Back in November, I starting working out at a new gym in the financial district. I had spotted it on a walk a month or so earlier, tucked in a back alley and underground. I peeked in the basement window and saw a long line of rowing machines and made a note to come back some time.
Around that time, John and I had decided to meet up with some friends in Thailand in March. 12 of us would be going, and we'd be spending most of our time at the beach and the pool. I wanted to get in shape by then, and while I loved kickboxing and yoga, and I was feeling great, I wasn't really seeing results. In fact, it had been some time since ANY exercise I was doing was producing visible results, besides just losing a little belly fat (which, don't get me wrong, is great). Most of the guys I'd be going with in Thailand are pretty fit — pretty muscly, even. I wanted to look half-decent next to them.
So I thought I'd give rowing a try, and... I don't know. Something just clicked.
It's been absolutely perfect for me. Like... I thrive in class environments — environments where I am held accountable by the others to show up and put the work in; but I really dislike competing with others. I like competing against myself, I like pushing myself, and I like coaches who will work to help me improve. But I'm never gonna be the person that's gonna be comfortable trying to push myself at a gym while guys much stronger than me wait for me to get off a bench so they can do much more, etc.
So I like rowing — with rowing I could keep cadence with the other, more experienced rowers, but row at my own pressure, working my way towards improving my speed. I could push myself hard, but not draw attention to myself one way or another. But little by little, I realized I was pretty good at rowing. It's an excercise that works and depends on the legs — something I have in spades — but that, to a lesser extent, also requires the shoulders and lats — something I had markedly less of. But my legs were strong enough to keep my speeds up while I developed my upper body.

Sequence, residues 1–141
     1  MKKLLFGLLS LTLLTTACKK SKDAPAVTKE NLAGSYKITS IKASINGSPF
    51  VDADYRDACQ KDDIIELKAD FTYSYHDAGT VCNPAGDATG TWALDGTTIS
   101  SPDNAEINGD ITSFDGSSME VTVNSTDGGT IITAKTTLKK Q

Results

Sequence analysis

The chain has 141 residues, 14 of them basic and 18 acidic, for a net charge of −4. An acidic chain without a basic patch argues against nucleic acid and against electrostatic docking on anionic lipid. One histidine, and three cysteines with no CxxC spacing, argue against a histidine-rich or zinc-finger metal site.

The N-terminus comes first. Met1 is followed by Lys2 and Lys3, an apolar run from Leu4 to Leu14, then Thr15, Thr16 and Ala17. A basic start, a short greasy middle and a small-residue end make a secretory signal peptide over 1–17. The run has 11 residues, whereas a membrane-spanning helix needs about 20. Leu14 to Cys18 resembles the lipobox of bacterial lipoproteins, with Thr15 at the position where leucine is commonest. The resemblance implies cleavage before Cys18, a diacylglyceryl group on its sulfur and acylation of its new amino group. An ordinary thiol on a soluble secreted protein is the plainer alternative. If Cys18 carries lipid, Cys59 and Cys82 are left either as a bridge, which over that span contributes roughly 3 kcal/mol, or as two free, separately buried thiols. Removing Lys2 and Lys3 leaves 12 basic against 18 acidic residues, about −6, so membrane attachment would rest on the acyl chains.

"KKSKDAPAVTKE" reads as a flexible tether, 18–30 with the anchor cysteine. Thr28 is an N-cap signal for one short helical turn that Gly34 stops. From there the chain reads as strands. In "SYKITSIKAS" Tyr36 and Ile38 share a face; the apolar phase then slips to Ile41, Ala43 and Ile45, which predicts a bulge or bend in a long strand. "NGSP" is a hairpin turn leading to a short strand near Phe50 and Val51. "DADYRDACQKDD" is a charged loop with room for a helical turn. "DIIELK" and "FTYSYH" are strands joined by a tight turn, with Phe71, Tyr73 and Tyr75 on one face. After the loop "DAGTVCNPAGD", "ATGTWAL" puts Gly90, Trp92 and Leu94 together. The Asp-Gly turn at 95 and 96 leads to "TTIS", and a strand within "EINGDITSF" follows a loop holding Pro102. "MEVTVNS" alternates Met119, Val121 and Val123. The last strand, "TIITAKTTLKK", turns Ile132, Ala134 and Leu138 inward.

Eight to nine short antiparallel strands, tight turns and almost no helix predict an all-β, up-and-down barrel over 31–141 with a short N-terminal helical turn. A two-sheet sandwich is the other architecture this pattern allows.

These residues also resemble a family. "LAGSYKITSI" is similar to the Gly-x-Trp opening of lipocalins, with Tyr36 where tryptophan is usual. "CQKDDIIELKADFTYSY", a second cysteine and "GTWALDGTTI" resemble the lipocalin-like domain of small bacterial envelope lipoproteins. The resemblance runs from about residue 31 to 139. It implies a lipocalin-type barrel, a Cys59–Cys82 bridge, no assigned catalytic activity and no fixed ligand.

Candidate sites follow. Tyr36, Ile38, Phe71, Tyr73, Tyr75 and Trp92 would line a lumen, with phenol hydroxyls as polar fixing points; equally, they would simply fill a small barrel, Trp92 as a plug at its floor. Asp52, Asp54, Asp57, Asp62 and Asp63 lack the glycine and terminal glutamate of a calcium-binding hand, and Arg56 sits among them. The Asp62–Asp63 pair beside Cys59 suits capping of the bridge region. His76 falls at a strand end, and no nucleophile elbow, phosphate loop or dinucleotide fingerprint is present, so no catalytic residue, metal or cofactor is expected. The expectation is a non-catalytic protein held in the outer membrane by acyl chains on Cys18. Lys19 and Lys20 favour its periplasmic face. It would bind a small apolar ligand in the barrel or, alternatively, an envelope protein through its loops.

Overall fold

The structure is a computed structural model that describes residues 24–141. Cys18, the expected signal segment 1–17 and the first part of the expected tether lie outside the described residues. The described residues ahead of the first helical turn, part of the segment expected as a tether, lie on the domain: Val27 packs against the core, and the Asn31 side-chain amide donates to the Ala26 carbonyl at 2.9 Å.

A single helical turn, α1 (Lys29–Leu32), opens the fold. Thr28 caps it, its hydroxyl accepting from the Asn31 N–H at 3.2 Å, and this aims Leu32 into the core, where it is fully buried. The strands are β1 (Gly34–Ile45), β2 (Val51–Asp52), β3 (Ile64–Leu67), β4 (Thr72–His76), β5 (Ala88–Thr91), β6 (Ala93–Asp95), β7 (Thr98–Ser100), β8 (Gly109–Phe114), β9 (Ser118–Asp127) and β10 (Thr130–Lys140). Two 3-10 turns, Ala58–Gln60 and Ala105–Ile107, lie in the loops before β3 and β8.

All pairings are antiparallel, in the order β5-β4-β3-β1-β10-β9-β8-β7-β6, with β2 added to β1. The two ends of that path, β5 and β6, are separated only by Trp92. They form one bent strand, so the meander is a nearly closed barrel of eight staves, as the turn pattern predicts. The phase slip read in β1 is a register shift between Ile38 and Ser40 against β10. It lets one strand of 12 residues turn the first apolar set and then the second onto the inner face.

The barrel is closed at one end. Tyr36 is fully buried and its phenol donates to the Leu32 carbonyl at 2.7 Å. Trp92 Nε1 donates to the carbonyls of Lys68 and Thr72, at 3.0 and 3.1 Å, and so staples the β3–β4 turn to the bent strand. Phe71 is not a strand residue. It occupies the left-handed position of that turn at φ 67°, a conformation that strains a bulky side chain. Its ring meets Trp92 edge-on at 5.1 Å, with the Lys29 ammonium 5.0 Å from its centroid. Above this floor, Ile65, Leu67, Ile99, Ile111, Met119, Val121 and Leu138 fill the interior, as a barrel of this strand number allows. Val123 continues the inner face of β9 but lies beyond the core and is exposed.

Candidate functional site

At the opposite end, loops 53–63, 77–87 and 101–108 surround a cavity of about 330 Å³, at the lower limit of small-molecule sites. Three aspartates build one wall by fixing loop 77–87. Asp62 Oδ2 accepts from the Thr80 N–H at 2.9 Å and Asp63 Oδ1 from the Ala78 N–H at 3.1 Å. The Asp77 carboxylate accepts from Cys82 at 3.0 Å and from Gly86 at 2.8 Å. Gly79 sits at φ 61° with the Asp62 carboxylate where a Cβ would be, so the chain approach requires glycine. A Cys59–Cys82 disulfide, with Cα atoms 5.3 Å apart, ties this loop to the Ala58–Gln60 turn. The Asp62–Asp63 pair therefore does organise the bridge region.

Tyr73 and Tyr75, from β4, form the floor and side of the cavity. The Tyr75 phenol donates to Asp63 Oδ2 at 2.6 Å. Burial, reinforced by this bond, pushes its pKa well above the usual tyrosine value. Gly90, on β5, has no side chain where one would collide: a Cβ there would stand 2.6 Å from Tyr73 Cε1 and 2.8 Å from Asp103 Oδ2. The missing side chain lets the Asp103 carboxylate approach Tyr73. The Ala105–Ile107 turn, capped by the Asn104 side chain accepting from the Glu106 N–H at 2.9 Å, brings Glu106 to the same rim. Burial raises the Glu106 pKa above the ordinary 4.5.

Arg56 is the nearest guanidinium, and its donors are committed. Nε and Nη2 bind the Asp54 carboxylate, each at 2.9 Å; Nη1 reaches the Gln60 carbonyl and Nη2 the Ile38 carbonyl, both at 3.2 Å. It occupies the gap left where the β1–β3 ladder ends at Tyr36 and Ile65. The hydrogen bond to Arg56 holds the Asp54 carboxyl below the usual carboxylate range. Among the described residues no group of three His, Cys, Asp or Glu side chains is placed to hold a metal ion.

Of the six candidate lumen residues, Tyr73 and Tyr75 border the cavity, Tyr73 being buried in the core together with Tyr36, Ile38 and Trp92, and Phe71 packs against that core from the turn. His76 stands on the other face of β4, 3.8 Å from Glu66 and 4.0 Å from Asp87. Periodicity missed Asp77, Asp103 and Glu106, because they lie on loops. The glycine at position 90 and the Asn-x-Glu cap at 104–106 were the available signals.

Over the past couple months I've seen my times drop as I've worked on my technique and gotten stronger. It's been so rewarding to see my shoulders build — I've never had much there, and suddenly I've got three distinct heads. My lats have fanned out. My quads have gotten very defined. It's addicting. But more than anything that feeling I was chasing last year has become a regular occurrence. Back in September I wrote:
I want to feel good about my body, I want it to respond to me without distress, I want it to be capable and strong. I want to be a good rider.
I do, and it does. My coaches have pushed me to the point that I felt like I would collapse, only to suddenly feel a great buoying, like electricity across my skin, and a chill up my spine as I catch a second wind and manage to keep going. In January I was the fourth fastest person on the gym leader board, last night I rowed for 30 minutes straight at sub-2:00 speeds throughout, and tonight I clocked in at a great time for my first 2000m test.
In the changing room of the gym, there's an sheet of xerox paper taped to the wall, on it is printed a slogan that is essentially the "Live, Laugh, Love" of the rowing world: Destitutus ventis, remos adhibe — "if the wind will not serve, take to the oars." I know it's a cliche, but dammit if it doesn't encourage me.
We leave for Thailand in one week, and I think I'm in the best shape of my life.